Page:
We ing severity with which Jeffrey lashed allude to the specimens of the metres what he deemed in the late laureat in “ Thalaba,” given in detached execcentricity and infatuation. He was tracts of two or three lines each, a thorough-paced disciple of the old which, to be judged of aright, should school. Dryden and Pope were his be seen, or rather read, with the colle inodels. Any departure from the text. A few bars selected here and measured grandeur of the one, or the there, in which discord had an approchaste and stately elegance of the other, priate place, might as well be called a must have appeared to him fantastical fair specimen of a piece of music.* and revolting ; although the former, But if there be some evidence that in bis “ Alexander's Feast," and the the reviewer, even if he could do jus. latter, in his “ Ode on St. Cecilia's tice to the poet, would not, there is Day,” had given evidence of the un. abundance to prove that even if he fettered freedom with which either would, he could not. Both, in their could fling the reins on the neck of his views of life and their principles of Pegasus, and be “a law to himself”

action, were essentially contradistin. in his careerings through the regions guished. As society advances, there of imagination. Collins, also, and are influences at work which mate. Gray, had dared successfully to snatch rially modify human character, and, at graces beyond the reach of art;

by exalting the innate powers, and and others there were, Aikenside and drawing out the latent virtues, render Cowper, for instance, upon whom man as different from what he was new lights had dawned, and who were under processes of mere human cul. the precursors of that other school

ture, as these processes had rendered which was soon to vindicate for itself hiin different from what he had been in both “ a local habitation and a name the savage state. And of this truth in our poetical annals. But these Mr. Jeffrey, and the whole matewere exceptional cases, by which "the rialistic school to which he belonged, ancient solitary reign of the old

seemed totally oblivious. heroic couplet was undisturbed. And Hence their utter disbelief in any it was not until innovations were made new sources of poetry, or new topics which threatened its ascendency, and for the development of poetical powers, Southey, with a poet's license, trans- different from those which had been ferred to whole poems the varieties of kuown from the earliest ages.

“ We," metre which were admissible in the they say, “have no faith in such dis. ode, and constructed his “ wild and coveries. The elements of poetical wondrous tale," more with reference

interest are necessarily obvious and to picturesque effect than to established universal : they are within and about usage, that the reviewers found, or all inen; and the topics by which they feigned, an excuse for pouring out all are suggested are proved to bave been the vials of their wrath upon him as the same in every age and country in an incorrigible poetical delinquent. the world. Poetry," they add, “is, in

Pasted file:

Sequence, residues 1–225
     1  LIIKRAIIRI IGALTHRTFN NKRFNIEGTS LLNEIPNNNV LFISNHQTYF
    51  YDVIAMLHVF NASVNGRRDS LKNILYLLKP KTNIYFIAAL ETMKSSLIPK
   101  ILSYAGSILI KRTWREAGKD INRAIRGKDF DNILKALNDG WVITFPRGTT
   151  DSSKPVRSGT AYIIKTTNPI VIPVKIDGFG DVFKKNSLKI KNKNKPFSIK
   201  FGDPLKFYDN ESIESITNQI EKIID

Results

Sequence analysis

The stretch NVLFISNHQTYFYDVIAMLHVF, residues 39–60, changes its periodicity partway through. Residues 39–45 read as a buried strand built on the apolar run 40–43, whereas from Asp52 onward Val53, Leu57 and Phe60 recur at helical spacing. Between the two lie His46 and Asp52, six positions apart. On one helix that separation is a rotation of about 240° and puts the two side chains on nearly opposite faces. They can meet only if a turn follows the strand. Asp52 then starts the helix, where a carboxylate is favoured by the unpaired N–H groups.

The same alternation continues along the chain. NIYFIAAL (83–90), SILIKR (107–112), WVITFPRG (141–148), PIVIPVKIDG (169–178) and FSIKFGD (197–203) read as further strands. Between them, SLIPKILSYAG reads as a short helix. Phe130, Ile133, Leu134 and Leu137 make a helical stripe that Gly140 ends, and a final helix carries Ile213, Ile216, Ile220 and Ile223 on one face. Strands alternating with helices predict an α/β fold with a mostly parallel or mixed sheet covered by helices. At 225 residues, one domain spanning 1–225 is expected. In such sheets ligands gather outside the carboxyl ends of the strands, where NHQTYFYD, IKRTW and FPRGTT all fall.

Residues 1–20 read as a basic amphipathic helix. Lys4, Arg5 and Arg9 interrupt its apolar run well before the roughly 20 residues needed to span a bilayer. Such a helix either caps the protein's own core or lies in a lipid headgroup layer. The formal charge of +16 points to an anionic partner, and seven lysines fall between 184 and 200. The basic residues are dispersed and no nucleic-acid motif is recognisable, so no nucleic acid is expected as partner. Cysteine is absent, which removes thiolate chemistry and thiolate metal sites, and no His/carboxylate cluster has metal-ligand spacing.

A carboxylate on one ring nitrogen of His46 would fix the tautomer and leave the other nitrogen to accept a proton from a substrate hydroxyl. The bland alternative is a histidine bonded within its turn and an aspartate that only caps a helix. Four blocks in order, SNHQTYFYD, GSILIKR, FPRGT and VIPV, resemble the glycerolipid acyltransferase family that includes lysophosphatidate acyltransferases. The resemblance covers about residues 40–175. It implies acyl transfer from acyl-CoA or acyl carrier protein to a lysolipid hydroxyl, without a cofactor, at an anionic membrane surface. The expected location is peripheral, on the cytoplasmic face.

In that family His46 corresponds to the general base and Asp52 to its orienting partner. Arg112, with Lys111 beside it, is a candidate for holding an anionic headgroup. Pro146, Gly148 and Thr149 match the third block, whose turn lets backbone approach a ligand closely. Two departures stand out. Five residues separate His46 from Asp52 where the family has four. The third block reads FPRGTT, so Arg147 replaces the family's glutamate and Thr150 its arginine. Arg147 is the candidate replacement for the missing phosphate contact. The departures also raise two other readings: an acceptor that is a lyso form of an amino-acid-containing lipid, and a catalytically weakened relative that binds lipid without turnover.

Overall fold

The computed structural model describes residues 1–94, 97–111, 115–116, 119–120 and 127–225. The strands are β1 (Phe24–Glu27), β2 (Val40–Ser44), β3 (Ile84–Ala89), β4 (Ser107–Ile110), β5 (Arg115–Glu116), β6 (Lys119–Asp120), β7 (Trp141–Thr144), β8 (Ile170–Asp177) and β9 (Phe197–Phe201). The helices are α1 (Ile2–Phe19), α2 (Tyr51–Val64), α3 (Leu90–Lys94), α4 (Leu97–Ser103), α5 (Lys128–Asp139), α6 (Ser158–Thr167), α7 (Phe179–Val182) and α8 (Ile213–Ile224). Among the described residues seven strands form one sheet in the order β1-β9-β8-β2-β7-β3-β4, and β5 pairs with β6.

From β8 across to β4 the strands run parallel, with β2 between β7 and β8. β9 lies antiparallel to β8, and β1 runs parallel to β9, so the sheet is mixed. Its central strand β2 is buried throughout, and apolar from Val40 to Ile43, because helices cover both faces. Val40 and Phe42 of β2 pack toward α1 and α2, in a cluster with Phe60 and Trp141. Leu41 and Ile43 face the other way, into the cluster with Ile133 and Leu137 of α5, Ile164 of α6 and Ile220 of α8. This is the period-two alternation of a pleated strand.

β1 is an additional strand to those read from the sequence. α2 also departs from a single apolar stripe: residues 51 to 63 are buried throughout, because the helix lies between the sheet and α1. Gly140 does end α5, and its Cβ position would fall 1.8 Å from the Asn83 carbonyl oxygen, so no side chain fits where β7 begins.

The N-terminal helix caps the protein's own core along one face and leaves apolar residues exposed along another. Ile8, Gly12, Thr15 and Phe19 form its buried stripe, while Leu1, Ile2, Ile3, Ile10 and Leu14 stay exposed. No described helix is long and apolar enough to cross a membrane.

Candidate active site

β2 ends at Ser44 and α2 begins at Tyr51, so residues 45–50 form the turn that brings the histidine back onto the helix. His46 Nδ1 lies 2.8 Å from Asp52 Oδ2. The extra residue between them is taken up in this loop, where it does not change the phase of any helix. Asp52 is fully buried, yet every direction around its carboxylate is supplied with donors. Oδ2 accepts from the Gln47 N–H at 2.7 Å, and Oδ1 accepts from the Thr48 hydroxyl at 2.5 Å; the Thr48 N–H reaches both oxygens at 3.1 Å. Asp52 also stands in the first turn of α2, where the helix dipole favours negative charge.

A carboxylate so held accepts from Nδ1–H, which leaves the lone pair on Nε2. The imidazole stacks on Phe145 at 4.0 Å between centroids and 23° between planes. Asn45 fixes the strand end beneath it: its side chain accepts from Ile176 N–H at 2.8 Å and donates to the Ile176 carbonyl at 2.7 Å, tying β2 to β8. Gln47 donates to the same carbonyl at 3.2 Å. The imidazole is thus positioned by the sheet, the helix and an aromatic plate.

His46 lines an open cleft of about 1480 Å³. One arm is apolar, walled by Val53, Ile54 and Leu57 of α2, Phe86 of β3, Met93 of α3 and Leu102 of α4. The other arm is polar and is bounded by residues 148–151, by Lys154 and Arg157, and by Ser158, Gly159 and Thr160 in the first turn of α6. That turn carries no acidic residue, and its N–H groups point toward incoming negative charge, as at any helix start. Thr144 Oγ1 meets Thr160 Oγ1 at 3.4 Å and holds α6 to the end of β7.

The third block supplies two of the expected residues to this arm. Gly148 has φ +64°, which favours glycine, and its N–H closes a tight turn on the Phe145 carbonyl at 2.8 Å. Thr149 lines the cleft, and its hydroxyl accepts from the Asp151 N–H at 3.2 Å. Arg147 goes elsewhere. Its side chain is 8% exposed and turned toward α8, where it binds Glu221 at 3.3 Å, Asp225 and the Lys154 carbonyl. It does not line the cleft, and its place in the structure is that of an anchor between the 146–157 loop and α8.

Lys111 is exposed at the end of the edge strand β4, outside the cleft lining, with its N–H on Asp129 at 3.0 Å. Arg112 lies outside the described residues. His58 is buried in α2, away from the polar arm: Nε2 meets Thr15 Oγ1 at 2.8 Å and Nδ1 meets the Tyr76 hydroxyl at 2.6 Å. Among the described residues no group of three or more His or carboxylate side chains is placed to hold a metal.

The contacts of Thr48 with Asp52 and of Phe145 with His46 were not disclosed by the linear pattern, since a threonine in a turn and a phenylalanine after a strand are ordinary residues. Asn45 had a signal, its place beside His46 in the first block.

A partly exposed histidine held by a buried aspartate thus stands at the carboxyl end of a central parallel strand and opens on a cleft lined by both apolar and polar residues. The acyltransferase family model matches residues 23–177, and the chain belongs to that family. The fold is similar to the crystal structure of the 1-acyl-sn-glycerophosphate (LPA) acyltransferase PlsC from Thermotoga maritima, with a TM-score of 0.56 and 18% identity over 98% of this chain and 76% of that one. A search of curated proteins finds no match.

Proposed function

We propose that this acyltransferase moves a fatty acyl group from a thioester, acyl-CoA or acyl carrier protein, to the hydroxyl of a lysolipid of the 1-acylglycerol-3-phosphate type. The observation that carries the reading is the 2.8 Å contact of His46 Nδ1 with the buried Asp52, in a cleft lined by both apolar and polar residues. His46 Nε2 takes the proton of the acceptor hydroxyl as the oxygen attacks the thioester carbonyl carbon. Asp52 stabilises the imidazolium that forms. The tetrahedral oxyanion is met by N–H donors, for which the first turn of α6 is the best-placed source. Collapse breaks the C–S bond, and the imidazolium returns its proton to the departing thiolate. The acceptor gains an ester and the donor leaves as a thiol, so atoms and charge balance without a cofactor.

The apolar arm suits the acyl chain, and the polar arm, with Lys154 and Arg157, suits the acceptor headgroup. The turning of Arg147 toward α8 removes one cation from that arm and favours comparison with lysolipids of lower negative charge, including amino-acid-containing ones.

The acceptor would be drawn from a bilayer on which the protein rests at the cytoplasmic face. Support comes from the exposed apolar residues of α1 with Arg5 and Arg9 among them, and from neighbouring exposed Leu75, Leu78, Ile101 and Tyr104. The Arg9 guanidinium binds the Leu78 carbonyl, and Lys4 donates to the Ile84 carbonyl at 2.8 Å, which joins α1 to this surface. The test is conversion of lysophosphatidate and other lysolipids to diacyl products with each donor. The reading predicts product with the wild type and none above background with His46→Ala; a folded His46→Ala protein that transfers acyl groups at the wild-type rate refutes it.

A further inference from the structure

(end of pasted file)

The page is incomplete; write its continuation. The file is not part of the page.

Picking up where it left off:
* " The Edinburgh Review," vol.i. p. 73.

this respect, very nearly upon a foot. new notions of grandeur and dignity, ing with morality. In substance it is and celebrating virtues which were bethe same everywhere.” They would, fore considered of a most unpoetical therefore, limit the sources of poetry character_such as charity, humility, to those aspects of humanity which patience, forgiveness of injuries, and were presented before Christianity had all the corresponding sentiments which dawned upon the world. This, in they inspire." It is not Jupiter hurling disbelievers in revelation, was natural his thunder, or Achilles indulging his enough; but Southey was not an un- wrath, which can interest the Chrisbeliever.

tian reader, so much as a good man That Christianity exhibits human suffering under adversity, and borne nature under a new phase, will now, up by a sublime reliance upon Provi. we think, be universally conceded. dence. It is not the brutal achieve. That it has wrought upon the human ments of physical strength, or the mind and heart, to the dethronement clumsy interference of degraded deiof passions and principles which before ties, which can inspire with sentiments had ruled supreme, and kept all the of delight and admiration one whose gentler instincts and emotions in abey- tastes have been formed upon that ance or in bondage, will, we fancy, be model of excellence which the Gospel admitted even by those by whom its presents to all true believers; but feel. truth, as a revelation from God, is but ings and incidents calculated to edir. little regarded. It is a great fact, of cate and exercise our moral faculties, which the whole state of society, and and which are in unison with those no. the whole condition of man, in Chris. tions of divine perfection, and of true tendom, bears unequivocal testimony; goodness and greatness, which can and it presents to ihe poet a new field only be learned from an authentic refor the exercise of his genius-a virgin velation. soil for the cultivation of his poetic Now, the critic's wrath was provoked, powers, as distinct from any which the because of these new sources of poeheathen mythology affords, as is the try of which Mr. Southey had largely light of the revelation under which availed himself. He does not, indeed, we live, from the darkness visible of make the Christian character a prothe idolatries by which it was pre- fessed object of delineation, or aim at ceded.